Even small changes in gut flora could be significant if this recent research holds up:
    Gut Microbiome Metagenomics Analysis Suggests a Functional Model for the Development of Autoimmunity for Type 1 Diabetes. (2011) PLoS ONE 6(10): e25792
    http://www.plosone.org/article/info%3Adoi%2F10.1371%2Fjournal.pone.0025792

  5. Tristan Cogan
    October 27, 2011

    I’ve always wondered why we expect yogurt and probiotic bacteria that aren’t metabolically set up for the human intestine to survive. Bacteria that grow in milk often don’t have a requirement for iron, for instance, as it’s not available to them in milk. Mixing these with competitive iron-hungry bacteria in the more nutrient-rich intestine doesn’t give them a chance. We published a study showing that probiotics can’t respond to iron in the way most gut bacteria can, and I’d like to see whether this could be one of the factors limiting them in colonising humans.

  6. BJM
    October 27, 2011

    I wonder about the effect of eating yoghurt in people whose intestinal flora have been largely removed by antibiotics or physical cleansing. Does it speed the reestablishment of a healthy bacterial flora?

  7. E. Manhattan
    October 27, 2011

    BJM – the answer is no, yogurt bacteria cannot colonize a human intestine, it is a hostile environment for them.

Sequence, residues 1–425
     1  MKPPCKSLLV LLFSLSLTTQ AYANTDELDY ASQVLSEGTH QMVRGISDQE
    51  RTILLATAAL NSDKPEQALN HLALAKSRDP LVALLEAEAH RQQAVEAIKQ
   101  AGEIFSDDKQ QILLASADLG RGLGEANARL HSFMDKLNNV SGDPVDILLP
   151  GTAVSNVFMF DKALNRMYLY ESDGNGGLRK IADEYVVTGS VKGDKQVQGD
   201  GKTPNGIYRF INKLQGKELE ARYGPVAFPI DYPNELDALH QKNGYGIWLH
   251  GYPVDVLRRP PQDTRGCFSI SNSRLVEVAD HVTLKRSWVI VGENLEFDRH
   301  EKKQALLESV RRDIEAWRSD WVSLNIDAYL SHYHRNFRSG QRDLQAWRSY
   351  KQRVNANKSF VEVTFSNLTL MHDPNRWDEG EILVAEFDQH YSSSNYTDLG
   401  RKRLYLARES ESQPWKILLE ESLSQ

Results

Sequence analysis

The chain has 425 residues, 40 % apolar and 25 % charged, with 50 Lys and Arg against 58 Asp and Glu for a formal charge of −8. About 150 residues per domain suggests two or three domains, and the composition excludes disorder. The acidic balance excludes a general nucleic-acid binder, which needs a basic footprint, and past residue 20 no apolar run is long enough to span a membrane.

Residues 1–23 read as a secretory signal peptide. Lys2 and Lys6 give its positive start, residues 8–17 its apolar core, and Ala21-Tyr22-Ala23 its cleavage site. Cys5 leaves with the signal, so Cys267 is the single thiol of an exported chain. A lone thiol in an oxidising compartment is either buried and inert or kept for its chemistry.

Close association with other humans who have not used antibiotics recently – the closer and more intimate the better – is currently the fastest way to re-colonize your intestinal flora (and your skin flora) after antibiotic use. As those who study the bacteria of urban surfaces say, “poo is everywhere”. It’s mostly a good thing those beneficial bacteria are spread so easily from person to person, since some of them are symbiotes necessary for our health.

    Physical cleansing, such as using enemas, does not have an appreciable effect on your intestinal flora. Vast numbers of your normal bacteria remain behind on the intestinal walls after the bulky contents are washed out, and the next food which moves through is properly processed.

  8. Ken Hicks
    October 29, 2011

    Persons taking antibiotics are, sometimes, advised to consume probiotics to prevent yeast infections. Why?

  9. rawmilkmike
    June 22, 2013

    I think it’s significant that they found “However, the activity of genes that allow the native bacteria to break down carbohydrates did increase.”
    I’ve heard that Kefir is much better than yogurt.
    Raw milk is probably better than both.
    AAP(the American academy of pediatrics) did a study that showed that the probiotics a new born is exposed to can stay with them and lead to improved health later in life.
    AAP has done studies that show probiotics do help with antibiotic induced diarrhea.

    “Close association with other humans who have not used antibiotics recently – the closer and more intimate the better – is currently the fastest way to re-colonize your intestinal flora (and your skin flora) after antibiotic use.” I believe it.